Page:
This is a period piece, a marker of life before Margaret, just before the Rotherhithe, Bermondsey, Isle of Dogs were transformed with huge amounts of money into sterile bleak moderne places for the middle brow to re-enact Friends. This film rests on a polarity with this piece of urbane angst.

The precedents were already festering within this film as the virtiol and anger is too forced to be maintained. The sex turned into Shortbus and the hankering for breaking sexual taboos became "heaven". The world segregated itself into classes, sexualities and genders with each fighting their corner in a will to power.

Is it still worth watching if you were not there? I don't know is the answer. The dialogue is heavy with Elizabethanesque middlebrow flourishes. There are some golden moments contained within it. The take on the modern media is true. The svengali who manipulates public taste with music is prescient. The collapse of Communistic belief predicted in the film was clairvoyant along with the plunge of the dollar.

The rise of X Factor has shown music played loud enough stops the noise of the world falling apart. The cracks can no longer be heard. Perhaps this film is a beacon for a moment in time. Nietzsche is right about the eternal return, not in relation to human reincarnation but cultural re emergence. They do happen again. Maybe in six months this will be a six and then in ten years it will be completely forgotten.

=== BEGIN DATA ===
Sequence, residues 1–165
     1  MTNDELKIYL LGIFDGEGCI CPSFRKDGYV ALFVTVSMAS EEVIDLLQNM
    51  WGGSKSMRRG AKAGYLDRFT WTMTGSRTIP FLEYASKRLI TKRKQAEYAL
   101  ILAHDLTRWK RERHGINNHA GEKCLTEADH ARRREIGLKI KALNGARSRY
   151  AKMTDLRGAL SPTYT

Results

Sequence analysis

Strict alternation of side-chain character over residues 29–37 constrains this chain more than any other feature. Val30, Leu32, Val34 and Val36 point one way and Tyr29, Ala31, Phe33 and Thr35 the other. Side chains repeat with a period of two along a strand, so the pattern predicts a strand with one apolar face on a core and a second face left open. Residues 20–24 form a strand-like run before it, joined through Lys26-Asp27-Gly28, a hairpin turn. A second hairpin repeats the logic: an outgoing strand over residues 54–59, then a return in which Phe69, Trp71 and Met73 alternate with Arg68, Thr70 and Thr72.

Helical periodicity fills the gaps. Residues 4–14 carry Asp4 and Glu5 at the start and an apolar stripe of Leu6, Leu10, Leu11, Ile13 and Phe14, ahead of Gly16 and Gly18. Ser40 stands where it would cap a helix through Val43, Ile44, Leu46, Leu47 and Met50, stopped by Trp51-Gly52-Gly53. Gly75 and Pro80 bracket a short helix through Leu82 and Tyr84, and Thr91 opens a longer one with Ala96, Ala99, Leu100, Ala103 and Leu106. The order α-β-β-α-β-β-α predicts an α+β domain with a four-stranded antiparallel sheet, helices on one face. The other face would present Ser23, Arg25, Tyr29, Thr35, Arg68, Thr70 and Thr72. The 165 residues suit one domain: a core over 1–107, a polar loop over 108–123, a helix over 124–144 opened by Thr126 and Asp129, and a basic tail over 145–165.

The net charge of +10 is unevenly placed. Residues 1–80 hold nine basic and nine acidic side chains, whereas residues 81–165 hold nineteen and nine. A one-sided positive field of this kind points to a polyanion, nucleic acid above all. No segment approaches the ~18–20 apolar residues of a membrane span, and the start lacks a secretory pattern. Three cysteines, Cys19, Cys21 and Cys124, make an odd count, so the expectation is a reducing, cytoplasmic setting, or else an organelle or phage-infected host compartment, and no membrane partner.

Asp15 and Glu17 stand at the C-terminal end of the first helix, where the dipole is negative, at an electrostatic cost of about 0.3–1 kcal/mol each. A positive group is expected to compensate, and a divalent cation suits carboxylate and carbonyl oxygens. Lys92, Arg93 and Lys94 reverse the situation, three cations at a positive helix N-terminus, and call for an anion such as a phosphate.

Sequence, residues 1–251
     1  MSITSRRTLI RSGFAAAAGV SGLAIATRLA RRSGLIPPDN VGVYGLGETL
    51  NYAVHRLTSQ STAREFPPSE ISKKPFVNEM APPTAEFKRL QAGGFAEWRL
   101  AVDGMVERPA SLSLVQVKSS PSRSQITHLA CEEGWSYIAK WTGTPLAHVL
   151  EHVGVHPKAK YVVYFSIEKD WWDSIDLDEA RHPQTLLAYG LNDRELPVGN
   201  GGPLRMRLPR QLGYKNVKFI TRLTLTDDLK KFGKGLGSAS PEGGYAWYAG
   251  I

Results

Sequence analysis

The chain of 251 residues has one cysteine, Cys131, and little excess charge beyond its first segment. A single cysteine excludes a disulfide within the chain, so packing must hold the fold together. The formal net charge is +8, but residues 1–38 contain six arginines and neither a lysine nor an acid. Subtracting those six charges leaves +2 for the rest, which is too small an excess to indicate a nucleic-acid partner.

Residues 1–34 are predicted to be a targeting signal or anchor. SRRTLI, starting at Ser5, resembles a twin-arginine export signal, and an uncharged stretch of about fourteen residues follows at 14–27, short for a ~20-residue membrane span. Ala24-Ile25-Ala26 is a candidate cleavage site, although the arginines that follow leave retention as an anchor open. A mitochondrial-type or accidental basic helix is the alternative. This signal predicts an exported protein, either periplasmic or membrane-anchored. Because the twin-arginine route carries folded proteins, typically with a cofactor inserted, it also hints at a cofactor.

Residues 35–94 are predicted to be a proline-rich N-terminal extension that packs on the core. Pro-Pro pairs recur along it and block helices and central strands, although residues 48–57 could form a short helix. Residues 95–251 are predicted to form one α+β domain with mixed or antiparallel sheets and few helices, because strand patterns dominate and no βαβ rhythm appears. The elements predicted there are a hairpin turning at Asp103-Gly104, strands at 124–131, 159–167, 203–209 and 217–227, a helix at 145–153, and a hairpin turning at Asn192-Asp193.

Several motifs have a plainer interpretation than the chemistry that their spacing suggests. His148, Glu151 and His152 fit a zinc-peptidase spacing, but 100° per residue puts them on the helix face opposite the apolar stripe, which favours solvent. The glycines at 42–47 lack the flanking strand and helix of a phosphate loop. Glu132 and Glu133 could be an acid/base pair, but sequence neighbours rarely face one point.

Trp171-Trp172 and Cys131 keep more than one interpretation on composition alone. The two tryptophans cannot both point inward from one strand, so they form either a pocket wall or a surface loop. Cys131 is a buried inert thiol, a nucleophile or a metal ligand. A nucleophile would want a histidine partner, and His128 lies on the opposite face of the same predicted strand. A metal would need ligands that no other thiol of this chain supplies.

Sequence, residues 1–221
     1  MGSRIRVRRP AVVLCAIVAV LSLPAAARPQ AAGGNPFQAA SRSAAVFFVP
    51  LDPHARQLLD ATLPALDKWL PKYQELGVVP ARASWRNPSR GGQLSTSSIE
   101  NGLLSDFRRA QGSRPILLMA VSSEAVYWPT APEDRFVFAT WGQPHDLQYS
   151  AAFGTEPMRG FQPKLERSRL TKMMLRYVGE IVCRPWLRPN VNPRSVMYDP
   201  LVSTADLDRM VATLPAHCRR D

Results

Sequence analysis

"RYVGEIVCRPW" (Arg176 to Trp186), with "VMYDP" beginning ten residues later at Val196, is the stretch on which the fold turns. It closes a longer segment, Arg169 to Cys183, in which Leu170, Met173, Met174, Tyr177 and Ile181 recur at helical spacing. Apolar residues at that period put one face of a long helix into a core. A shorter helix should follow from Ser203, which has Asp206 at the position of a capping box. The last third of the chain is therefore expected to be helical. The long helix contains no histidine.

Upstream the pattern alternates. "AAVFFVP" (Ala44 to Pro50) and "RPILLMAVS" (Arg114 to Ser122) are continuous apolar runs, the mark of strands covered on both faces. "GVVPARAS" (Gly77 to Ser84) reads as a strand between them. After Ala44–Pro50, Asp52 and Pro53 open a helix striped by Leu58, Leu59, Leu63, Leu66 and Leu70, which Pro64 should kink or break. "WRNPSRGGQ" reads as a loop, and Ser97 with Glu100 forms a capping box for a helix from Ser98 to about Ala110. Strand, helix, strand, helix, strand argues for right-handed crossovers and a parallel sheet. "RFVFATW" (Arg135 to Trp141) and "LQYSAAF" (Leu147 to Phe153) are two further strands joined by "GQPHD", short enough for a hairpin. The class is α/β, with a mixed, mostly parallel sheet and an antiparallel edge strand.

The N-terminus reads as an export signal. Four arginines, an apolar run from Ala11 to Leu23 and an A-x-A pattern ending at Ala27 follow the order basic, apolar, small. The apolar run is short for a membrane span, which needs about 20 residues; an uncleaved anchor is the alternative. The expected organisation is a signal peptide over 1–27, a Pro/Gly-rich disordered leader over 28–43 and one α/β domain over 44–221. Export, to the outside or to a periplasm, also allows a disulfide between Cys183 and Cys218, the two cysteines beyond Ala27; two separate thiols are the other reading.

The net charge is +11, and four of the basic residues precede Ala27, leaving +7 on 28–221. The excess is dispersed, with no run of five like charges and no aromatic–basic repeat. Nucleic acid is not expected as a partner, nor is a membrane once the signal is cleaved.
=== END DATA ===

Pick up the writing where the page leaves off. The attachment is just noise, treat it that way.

This is the power of this film; vacilitation.
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on 10 February 2014
I remember recording this film when it was first shown in the early days of Channel 4. I was really taken by the story and the whole decadent nature of the world Jarman had created. I had never really seen anything as violent and risque as that on tv before and its imagery has always stuck with me. It was weird seeing a very tom boy Toyah in it too and an equally young Adam Ant. Years later the film popped into my head again and a quick Amazon search revealed that it was available on dvd. I bought a copy for myself and another as a present for my girlfriend of the time as we are still in contact and I thought she would like to see it again too.